Last Sunday, Jill Soloway won her second consecutive Emmy award for Best Director of a Comedy Series for Transparent, the third season of which premieres today on Amazon. Her acceptance speech included a telling shoutout to Amazon CEO Jeff Bezos: "You invited me to do this thing that these people call television," she said, while pointing out to the audience. "But I call it a revolution."
And in many ways, Transparent is indeed revolutionary. In a world where cisgender white men are still seen as the only bankable protagonists in most every performed medium, Soloway's decision to focus a highly visible show on the story of a septuagenarian trans woman is nothing short of radical. "It's a privilege," she said later in her acceptance speech, "and it also creates privilege, when you take women, people of color, trans people, queer people, and put them at the center of the story, as the subjects instead of the objects. You change the world."
Though Transparent's showrunner is a cisgender woman and its star a cisgender male, Transparent has always made a concerted effort to place nuanced trans experiences at the center of its story. In addition to casting trans women and men, Soloway hired 50 trans and gender-nonconforming cast and crew at all levels of production. The show has counted trans artists Rhys Ernst and Zackary Drucker as producers since the beginning, and added trans singer-songwriter Our Lady J to its writers room in the second season to add wrinkles of authenticity to its scripts.
Yet still, Transparent's first two seasons painted a somewhat idyllic picture of what it means to live as trans. When Maura first came out, announcing her transition to her family in season one, she faced few serious repercussions. Her ex-wife, Shelly, took it all in stride—even in divorce, the bond they share is evident. Her daughters, Sarah and Ali, had both been testing the binaries of sexuality and questioning the idea of gender before Maura's revelation took place. Even her son, Josh, who took the news harder than anyone else, eventually came around. Though the second season did touch on more serious issues, such as Maura's run-in with TERFs (Trans Exclusionary Radical Feminists) at a cis women's-only retreat, or the implied murder of Gittel (Maura's presumedly deceased trans aunt, during a Nazi-era Berlin flashback), Maura's personal struggles always seemed to stop short of actually showing some of the more depressing realities of trans life.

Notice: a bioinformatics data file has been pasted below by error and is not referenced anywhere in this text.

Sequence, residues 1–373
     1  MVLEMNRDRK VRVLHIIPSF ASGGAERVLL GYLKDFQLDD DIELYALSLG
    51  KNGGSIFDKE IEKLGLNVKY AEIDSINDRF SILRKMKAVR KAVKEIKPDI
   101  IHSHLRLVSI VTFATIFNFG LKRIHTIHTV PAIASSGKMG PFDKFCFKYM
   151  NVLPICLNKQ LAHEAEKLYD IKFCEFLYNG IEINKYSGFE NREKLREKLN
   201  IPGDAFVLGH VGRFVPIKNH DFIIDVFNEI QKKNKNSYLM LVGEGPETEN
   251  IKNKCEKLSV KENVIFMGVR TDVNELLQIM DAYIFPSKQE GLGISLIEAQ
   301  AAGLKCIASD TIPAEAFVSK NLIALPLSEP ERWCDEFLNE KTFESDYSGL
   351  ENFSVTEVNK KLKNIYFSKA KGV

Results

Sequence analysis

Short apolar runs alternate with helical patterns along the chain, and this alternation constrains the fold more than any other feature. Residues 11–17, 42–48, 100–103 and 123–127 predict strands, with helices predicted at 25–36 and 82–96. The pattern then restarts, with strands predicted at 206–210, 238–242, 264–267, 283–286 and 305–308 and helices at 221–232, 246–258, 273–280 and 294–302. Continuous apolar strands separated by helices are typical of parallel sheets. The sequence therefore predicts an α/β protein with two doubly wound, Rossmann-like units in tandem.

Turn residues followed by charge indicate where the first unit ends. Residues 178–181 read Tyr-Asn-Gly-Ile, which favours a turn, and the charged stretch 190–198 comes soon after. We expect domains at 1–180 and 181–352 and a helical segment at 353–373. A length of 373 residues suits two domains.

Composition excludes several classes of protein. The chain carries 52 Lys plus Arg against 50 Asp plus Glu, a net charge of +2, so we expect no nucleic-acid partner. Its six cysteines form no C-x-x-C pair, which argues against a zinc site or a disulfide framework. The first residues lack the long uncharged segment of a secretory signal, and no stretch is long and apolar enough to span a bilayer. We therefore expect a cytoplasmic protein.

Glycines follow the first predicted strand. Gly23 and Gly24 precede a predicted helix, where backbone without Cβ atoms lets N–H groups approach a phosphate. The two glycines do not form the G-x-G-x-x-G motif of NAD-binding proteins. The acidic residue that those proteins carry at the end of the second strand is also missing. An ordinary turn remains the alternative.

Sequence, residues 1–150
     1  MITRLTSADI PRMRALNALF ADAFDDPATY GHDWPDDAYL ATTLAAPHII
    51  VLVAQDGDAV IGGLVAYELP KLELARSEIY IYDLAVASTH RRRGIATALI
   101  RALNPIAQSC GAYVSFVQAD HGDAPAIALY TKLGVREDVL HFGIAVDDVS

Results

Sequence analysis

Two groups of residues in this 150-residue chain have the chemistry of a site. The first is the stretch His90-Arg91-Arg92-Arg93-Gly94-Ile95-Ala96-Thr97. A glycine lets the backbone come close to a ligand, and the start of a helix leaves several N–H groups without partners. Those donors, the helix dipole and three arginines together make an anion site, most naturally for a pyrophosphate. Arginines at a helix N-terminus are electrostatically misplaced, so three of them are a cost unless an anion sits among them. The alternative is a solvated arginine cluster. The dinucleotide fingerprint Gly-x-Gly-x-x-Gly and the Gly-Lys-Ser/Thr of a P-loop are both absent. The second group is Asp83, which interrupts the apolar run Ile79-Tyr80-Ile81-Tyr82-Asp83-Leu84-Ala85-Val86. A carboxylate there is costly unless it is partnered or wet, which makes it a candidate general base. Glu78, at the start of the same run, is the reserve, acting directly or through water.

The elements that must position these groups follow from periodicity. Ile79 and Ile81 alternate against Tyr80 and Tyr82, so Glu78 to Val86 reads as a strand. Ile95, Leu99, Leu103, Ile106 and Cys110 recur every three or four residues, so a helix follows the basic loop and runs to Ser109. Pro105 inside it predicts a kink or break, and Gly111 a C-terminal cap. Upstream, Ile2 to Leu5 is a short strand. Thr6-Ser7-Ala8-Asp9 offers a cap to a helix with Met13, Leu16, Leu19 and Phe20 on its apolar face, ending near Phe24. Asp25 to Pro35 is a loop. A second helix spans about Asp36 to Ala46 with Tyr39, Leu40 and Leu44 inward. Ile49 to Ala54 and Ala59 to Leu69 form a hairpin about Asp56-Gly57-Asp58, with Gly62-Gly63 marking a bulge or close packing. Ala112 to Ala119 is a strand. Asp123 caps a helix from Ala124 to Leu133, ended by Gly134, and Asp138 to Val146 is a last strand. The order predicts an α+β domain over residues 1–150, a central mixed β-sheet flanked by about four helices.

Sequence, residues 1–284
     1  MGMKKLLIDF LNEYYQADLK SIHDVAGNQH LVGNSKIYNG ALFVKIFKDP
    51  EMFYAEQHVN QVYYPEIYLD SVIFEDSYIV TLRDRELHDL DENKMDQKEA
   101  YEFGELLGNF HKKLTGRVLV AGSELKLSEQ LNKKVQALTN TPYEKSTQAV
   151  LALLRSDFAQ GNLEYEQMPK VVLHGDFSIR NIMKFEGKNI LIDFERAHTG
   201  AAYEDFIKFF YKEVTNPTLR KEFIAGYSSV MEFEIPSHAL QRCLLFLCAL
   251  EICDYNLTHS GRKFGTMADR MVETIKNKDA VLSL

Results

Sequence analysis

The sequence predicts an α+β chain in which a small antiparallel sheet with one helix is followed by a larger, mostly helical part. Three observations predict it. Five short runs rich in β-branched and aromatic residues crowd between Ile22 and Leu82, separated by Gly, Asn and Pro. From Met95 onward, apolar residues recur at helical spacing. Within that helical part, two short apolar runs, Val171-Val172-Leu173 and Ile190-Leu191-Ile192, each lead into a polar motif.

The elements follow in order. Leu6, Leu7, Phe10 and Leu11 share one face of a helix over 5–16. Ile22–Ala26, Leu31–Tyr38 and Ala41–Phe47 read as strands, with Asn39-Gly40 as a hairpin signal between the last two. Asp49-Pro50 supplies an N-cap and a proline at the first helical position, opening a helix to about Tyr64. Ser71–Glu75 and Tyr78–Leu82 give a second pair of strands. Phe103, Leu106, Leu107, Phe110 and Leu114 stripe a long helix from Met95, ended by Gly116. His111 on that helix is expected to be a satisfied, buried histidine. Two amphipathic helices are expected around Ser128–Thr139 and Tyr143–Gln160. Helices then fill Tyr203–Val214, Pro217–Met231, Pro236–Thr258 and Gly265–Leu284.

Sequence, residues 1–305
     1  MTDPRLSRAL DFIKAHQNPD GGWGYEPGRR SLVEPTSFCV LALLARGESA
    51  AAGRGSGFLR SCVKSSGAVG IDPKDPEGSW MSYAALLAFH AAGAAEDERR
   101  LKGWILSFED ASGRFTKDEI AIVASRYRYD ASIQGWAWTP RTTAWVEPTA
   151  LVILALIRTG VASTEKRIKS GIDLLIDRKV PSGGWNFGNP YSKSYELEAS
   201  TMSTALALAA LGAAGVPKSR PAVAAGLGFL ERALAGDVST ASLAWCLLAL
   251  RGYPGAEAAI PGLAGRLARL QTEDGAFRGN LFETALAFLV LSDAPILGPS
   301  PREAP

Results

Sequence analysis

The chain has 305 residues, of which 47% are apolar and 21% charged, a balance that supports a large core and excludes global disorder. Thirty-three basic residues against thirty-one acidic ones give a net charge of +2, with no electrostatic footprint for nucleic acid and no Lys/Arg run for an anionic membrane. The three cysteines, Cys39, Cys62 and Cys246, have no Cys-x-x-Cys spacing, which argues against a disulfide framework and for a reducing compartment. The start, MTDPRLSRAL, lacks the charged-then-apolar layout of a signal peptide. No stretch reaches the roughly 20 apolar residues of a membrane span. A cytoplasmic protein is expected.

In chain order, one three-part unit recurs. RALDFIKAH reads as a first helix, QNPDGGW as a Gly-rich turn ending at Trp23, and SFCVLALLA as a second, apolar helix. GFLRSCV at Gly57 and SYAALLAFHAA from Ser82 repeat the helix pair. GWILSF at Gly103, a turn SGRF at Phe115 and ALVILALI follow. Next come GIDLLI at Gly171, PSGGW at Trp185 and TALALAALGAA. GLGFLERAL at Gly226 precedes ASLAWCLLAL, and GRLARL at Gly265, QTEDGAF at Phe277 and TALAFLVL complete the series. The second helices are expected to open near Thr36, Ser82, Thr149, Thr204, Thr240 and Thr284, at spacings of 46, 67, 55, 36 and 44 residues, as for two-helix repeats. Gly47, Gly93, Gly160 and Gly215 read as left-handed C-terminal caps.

In its third season, however, Transparent finally gets real about these larger issues by expanding the scope of its narrative beyond Maura—who, trans or not, is still white, well-off, and privileged in a way that most trans people are not. That doesn't mean Maura's problems aren't real problems, and the show's writers are aware of this cognitive dissonance. One of the season's earliest scenes finds Maura at her dining-room table with her roommate and best friend Davina. As she goes through a laundry list of all of the great things happening in her life—her girlfriend Vicky loves her, her kids are doing great and all accept her gender identity, she's excited to start volunteering at the LGBTQ call center—she pauses. "I've got everything I need," she says. "So why am I so unhappy?"
Transparent finally gets real about these larger issues by expanding the scope of its narrative beyond Maura—who, trans or not, is still white, well-off, and privileged in a way that most trans people are not.